• \$\begingroup\$ 1. Li-Ion cell has highest voltage among others known cell types, and we cannot go higher, without connecting cells in series. Boost converter involves efficiency, PWM noise, demand of having PCB, controllers, extra inductor, so on.. and i want to avoid it at all costs. Also dual polarity supply is most natural in amplifying audio ac signals and is always considered better that virtual 1/2 ground. There is a special circuit for batteries, balancing them. Also i can go with 4*li ion cells, but why if i just need ±1.7V output? \$\endgroup\$
    – user149105
    May 20, 2018 at 16:16
  • \$\begingroup\$ 2. many people are running TL07x from 9V crona battery, (which could easily go to 7.2V, as the 6 alkaline cells in series goes to 1.2V each, and crona is 6 series alkaline batteries) resulting same 7.2V operation. \$\endgroup\$
    – user149105
    May 20, 2018 at 16:18
  • \$\begingroup\$ 3. Can i just omit C1 and solder that end directly to op amp? \$\endgroup\$
    – user149105
    May 20, 2018 at 16:21
  • \$\begingroup\$ 4. Lets consider that i cannot have virtual ground and we have ideal ±5V voltage source with real ground, which is not the topic. and a question is right about on how to connect pickup to preamp (without pcb, having least wire lenghts, minimal number of passive components and soldering points). \$\endgroup\$
    – user149105
    May 20, 2018 at 16:28
  • \$\begingroup\$ despite it does not answers neither header, nor question(bold) in body i accept this answer to close it \$\endgroup\$
    – user149105
    May 20, 2018 at 20:54

Let's consider that I cannot have virtual ground and we have ideal ±5V voltage source with real ground

The virtual ground doesn't change much, the circuit's gain resistors will be set exactly the same.

C1 is unnecessary. It provides no DC path to an op-amp input. Most op-amps won't work like that. Replace C1 with a short, so that the op-amp has DC bias on both inputs. The bias through the pickup coil is to 0VDC.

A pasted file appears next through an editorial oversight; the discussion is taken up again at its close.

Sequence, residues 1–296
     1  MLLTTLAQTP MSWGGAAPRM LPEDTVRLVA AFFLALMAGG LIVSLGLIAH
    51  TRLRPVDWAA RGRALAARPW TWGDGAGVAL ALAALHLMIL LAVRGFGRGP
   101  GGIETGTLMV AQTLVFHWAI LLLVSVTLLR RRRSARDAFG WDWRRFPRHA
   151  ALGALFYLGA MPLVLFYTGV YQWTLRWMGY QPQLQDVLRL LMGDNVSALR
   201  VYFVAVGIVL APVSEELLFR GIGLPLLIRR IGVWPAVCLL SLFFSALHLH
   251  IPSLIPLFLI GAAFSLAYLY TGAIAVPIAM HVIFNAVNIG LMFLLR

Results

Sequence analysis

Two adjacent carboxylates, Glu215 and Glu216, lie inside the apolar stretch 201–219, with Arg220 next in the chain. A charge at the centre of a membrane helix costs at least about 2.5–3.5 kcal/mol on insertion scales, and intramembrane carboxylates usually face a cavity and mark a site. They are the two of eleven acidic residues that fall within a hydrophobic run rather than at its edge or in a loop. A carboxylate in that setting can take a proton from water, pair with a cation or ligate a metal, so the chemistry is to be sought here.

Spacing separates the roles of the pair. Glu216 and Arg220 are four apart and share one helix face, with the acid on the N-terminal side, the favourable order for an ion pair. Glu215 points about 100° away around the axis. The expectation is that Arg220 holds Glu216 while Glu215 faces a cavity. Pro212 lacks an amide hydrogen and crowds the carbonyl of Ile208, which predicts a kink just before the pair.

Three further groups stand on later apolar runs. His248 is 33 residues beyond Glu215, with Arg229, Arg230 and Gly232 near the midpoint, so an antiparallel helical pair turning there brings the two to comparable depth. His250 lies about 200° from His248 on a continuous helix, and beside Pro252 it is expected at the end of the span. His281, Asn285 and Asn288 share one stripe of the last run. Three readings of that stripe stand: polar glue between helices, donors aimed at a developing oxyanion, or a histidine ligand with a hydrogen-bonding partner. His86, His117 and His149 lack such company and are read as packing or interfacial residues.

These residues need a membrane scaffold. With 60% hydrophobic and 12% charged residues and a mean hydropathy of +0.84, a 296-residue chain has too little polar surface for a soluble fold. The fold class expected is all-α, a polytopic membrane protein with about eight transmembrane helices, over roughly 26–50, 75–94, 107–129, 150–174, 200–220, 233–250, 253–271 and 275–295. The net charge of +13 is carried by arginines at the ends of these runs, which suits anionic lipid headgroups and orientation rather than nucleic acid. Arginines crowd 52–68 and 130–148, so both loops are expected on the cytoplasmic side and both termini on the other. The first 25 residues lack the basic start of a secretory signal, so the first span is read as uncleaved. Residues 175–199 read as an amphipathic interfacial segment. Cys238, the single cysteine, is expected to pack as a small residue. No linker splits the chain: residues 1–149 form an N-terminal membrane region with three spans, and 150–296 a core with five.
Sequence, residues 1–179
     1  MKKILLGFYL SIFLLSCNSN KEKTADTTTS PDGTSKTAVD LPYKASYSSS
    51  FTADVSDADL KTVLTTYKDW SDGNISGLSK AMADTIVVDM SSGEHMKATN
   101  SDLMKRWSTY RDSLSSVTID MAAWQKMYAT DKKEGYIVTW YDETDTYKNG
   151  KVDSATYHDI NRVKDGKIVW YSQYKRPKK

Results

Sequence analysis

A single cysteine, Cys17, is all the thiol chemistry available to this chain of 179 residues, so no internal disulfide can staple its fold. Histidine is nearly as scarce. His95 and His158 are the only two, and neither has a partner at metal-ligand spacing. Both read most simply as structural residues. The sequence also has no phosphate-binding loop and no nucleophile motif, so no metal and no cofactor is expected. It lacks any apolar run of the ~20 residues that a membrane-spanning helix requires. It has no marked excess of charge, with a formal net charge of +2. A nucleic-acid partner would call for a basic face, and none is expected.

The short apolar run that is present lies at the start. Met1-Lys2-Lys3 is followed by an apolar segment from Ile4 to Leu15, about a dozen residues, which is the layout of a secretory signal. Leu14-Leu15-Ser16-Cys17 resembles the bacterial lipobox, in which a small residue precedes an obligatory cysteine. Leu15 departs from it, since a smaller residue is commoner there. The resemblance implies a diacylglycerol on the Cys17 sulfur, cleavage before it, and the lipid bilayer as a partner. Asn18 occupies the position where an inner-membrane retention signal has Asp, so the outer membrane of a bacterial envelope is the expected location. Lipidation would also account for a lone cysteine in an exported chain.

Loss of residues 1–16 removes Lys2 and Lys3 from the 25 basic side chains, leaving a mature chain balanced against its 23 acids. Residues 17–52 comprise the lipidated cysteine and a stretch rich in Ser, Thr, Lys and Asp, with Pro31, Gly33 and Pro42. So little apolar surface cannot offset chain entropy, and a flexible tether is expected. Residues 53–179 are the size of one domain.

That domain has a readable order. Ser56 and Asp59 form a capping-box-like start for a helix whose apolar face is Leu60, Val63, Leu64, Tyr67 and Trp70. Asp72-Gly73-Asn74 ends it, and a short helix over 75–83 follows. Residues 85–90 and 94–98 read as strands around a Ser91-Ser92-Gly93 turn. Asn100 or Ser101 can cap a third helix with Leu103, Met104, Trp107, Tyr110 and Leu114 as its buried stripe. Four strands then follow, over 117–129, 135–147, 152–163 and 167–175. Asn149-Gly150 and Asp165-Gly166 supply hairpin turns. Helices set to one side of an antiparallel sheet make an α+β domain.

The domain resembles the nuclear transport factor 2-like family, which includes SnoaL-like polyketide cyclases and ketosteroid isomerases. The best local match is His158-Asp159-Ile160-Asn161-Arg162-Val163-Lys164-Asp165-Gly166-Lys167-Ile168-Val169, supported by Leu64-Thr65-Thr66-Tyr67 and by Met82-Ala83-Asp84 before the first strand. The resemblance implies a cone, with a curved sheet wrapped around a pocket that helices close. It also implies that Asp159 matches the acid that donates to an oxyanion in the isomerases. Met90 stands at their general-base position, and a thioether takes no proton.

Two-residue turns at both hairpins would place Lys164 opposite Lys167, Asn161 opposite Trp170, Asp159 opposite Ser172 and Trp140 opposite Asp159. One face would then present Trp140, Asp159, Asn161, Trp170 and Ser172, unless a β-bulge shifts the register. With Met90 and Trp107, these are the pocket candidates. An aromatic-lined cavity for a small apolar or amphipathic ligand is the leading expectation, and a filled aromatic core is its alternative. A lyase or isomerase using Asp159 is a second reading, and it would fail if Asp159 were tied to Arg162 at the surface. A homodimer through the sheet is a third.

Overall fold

My question is - how to estimate nominal of R2?

It's not your question, because the value of R2 in vacuum is rather meaningless. What the op-amp cares about is that the output is not loaded with too low of an impedance. Since the DC loading the output sees is the series connection of R1+R2, we have a lower limit of about 5kOhm. At higher supply voltages it could go down to 2kOhm, but TL072 from 10V doesn't have all that much headroom, so making its output stage do light work is advantageous.

On the other hand, high feedback network impedances create high impedance nodes at the inputs of the op-amp and are prone to picking up interference. The resistor noise also goes up with R1+R2. You probably don't want R1+R2 to be more then 47k-100k.

So those are your limits for the value of R1+R2. I'd shoot for values on the lower end of this range.

Assuming that you want gain of about 3.2 (i.e. 10dB ratio of output to input), R2 can be 3k3, and R1 then is 1k5, for a gain of 1+2.2. R1+R2=4k8 - close enough to 5kOhm to call it good enough.

R2 needs a small parallel stabilizing capacitor, like 10pF.

To isolate the output from the cable capacitance, there should be a 100-600 Ohm resistor between the op-amp's output pin and the input jack. This resistor must not be inside the feedback path, i.e. R2 must be attached directly to the output as you show.



simulate this circuit – Schematic created using CircuitLab